Impact of a shielded safety syringe
on needlestick injuries among healthcare workers.
Younger B, Hunt EH, Robinson C, McLemore C.
Infection Control, Pacific Presbyterian Medical Center, San Francisco,
OBJECTIVES: Evaluate the impact of a shielded 3 cc safety syringe
on needlestick injuries among healthcare workers. DESIGN: Surveillance
study. SETTING: Three medical centers. RESULTS: The total number
of needlesticks from all sources rose from 134 during the baseline
period to 140 during the study phase. However, the overall rate
of needlesticks involving 3 cc syringes decreased from 14/100,000
inventory units to 2/100,000, and the frequency declined substantially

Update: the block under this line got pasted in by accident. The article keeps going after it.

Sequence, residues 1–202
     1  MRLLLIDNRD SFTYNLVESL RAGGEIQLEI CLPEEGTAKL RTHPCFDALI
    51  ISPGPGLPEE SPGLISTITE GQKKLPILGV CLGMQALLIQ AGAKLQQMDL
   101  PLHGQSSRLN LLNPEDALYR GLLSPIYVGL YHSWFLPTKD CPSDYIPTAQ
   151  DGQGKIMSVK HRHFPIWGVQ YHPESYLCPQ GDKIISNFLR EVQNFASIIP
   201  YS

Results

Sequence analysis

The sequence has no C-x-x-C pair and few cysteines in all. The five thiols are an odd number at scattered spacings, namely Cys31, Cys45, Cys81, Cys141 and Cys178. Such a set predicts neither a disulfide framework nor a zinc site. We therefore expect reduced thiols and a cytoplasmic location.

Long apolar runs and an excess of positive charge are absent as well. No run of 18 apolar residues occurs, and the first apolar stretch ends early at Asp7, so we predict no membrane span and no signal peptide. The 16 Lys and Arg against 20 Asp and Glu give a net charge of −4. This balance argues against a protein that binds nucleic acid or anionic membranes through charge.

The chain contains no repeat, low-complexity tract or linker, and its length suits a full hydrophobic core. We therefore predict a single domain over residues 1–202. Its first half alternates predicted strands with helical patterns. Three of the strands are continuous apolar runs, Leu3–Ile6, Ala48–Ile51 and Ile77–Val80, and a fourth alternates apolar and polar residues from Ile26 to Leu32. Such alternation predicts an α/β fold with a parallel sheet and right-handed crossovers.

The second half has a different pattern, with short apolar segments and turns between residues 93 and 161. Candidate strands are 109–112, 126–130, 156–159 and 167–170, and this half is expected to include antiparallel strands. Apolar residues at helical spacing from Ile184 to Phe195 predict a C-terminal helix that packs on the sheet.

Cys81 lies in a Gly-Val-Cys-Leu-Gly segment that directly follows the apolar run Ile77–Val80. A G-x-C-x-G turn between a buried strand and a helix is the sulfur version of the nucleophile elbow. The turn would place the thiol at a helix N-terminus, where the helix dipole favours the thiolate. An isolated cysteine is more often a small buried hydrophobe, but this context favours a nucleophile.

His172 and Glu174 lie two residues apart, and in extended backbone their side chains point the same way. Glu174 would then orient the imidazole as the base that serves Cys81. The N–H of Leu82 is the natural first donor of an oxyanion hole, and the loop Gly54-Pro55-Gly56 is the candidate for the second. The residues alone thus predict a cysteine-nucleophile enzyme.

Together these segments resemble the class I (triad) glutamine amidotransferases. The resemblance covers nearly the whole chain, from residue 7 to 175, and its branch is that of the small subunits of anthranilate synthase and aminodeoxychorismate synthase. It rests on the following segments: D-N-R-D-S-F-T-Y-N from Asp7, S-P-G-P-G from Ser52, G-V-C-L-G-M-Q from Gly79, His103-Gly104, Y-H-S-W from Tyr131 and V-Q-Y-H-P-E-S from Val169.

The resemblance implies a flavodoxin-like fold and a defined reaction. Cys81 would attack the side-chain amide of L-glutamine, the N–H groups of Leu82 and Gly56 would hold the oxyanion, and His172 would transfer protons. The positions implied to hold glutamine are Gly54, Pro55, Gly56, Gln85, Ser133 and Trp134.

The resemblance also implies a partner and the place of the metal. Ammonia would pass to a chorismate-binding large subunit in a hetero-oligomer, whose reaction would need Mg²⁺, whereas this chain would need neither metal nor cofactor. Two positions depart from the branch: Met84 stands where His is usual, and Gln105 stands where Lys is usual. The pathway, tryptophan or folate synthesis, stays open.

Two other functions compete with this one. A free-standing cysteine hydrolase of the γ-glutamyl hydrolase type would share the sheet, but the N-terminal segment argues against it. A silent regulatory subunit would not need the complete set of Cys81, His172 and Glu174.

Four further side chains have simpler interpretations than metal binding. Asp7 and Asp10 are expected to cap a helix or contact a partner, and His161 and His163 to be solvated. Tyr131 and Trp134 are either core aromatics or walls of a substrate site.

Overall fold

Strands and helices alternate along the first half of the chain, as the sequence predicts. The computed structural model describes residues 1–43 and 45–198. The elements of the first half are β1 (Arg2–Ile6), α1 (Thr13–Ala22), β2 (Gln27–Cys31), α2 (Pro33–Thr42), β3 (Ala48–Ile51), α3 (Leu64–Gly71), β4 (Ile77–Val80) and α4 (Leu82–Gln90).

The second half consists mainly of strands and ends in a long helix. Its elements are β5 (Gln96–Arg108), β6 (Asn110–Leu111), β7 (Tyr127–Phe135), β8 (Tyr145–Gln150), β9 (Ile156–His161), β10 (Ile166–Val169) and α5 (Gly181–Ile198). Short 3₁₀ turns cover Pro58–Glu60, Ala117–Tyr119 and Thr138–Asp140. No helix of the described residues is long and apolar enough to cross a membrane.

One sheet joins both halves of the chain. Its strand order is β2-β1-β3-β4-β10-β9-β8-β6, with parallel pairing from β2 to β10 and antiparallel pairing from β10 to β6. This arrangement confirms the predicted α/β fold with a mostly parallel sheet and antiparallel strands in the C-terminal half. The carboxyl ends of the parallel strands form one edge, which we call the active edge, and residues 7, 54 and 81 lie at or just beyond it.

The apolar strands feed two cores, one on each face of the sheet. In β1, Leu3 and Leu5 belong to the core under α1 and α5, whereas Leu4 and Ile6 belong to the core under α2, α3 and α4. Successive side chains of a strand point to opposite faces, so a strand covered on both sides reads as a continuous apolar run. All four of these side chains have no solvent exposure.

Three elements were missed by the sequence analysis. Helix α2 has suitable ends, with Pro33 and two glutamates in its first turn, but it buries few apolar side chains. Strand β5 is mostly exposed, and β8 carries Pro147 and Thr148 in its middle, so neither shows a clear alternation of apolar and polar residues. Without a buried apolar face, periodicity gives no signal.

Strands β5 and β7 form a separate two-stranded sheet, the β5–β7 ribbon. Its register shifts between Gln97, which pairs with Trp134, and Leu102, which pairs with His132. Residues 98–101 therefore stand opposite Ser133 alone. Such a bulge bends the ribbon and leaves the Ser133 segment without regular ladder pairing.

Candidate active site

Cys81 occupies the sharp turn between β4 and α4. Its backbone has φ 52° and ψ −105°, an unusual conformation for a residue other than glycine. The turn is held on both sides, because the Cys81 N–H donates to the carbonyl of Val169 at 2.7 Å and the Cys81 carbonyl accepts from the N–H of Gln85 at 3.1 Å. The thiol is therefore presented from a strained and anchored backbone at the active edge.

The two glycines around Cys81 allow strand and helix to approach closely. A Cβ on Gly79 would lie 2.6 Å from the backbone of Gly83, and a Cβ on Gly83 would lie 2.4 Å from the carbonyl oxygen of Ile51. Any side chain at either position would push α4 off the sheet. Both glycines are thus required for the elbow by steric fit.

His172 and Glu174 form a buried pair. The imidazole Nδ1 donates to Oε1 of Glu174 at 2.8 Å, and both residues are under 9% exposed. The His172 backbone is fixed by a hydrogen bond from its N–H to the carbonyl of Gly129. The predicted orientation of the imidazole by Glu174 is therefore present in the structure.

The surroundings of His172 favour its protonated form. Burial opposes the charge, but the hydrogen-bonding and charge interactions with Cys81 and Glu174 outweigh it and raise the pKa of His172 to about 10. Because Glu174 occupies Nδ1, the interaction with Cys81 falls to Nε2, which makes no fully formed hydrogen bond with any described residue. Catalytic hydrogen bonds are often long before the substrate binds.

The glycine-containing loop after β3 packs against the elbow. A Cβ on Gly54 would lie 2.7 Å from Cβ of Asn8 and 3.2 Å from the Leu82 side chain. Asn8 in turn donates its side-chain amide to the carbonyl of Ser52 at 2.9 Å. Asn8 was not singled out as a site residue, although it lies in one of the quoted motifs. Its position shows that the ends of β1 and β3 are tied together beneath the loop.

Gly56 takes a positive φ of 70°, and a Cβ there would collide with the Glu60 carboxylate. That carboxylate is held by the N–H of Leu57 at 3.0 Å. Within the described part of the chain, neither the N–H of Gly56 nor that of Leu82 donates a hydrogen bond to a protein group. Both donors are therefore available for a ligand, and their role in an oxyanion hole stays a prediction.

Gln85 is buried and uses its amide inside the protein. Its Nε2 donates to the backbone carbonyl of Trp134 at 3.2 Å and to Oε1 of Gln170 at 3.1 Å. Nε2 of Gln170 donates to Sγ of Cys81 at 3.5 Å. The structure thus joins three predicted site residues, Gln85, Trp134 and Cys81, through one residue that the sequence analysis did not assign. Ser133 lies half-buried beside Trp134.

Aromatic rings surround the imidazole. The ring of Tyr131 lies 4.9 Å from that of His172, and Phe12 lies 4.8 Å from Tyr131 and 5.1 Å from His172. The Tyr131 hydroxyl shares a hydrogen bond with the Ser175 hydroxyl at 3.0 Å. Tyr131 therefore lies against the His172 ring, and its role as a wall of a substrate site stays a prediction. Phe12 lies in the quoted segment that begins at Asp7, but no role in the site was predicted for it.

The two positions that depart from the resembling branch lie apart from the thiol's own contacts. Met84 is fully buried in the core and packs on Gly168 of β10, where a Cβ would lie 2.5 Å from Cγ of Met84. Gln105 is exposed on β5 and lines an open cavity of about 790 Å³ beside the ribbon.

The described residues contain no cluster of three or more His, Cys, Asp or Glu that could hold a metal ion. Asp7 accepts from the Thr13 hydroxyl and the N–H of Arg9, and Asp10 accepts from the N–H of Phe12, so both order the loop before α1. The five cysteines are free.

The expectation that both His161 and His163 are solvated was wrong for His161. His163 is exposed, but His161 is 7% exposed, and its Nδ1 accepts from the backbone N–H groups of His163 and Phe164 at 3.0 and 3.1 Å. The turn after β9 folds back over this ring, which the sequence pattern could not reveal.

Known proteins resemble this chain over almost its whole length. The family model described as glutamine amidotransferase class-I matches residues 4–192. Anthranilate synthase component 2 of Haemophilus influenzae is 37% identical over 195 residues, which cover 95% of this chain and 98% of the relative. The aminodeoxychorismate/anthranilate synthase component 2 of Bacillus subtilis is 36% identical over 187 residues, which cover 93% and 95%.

at each of the participating medical centers. CONCLUSIONS: These
results suggest that shielded syringes and related technology may
offer potential for reducing the risk of needlestick injuries among
hospital and other healthcare employees. This study should be viewed
as a preliminary effort to assess the potential of shielded-syringe
technology for reducing the risk of needlestick injuries among healthcare
workers. The results are encouraging, but more clinical experience
with this new device and longer follow up are essential to provide
the data necessary for a definitive assessment of efficacy.